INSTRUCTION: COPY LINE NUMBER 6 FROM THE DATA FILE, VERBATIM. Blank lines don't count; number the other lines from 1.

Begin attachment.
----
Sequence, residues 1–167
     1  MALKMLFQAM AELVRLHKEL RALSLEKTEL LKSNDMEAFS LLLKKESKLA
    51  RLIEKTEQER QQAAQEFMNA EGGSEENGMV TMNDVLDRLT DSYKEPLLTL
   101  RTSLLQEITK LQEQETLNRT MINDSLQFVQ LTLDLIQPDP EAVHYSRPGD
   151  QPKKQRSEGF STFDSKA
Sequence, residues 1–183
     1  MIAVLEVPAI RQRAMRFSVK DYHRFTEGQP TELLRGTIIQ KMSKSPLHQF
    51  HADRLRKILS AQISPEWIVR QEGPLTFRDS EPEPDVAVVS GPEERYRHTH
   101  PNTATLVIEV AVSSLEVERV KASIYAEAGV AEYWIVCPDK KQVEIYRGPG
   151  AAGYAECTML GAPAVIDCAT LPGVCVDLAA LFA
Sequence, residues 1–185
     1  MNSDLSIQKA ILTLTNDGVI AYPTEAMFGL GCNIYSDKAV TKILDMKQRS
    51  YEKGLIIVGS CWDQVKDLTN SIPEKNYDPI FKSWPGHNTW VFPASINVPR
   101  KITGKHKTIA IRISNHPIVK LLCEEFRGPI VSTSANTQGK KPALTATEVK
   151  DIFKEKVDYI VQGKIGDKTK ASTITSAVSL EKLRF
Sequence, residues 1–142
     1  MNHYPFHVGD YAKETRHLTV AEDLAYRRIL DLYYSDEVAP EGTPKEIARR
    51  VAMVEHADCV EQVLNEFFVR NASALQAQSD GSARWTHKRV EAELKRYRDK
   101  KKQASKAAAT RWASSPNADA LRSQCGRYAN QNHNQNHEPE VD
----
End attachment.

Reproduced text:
Sequence, residues 1–183